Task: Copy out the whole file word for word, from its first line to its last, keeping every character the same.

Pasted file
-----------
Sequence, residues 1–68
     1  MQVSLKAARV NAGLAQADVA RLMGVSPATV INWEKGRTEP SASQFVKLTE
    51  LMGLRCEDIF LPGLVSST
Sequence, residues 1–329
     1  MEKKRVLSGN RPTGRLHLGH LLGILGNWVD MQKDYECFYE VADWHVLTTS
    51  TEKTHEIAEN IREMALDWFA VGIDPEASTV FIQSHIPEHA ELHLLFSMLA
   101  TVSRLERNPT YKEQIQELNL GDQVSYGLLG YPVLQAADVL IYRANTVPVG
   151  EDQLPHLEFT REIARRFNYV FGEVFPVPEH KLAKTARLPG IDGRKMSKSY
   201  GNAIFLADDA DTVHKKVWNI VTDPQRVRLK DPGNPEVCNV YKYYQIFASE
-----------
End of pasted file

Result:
Sequence, residues 1–68
     1  MQVSLKAARV NAGLAQADVA RLMGVSPATV INWEKGRTEP SASQFVKLTE
    51  LMGLRCEDIF LPGLVSST
Sequence, residues 1–329
     1  MEKKRVLSGN RPTGRLHLGH LLGILGNWVD MQKDYECFYE VADWHVLTTS
    51  TEKTHEIAEN IREMALDWFA VGIDPEASTV FIQSHIPEHA ELHLLFSMLA
   101  TVSRLERNPT YKEQIQELNL GDQVSYGLLG YPVLQAADVL IYRANTVPVG
   151  EDQLPHLEFT REIARRFNYV FGEVFPVPEH KLAKTARLPG IDGRKMSKSY
   201  GNAIFLADDA DTVHKKVWNI VTDPQRVRLK DPGNPEVCNV YKYYQIFASE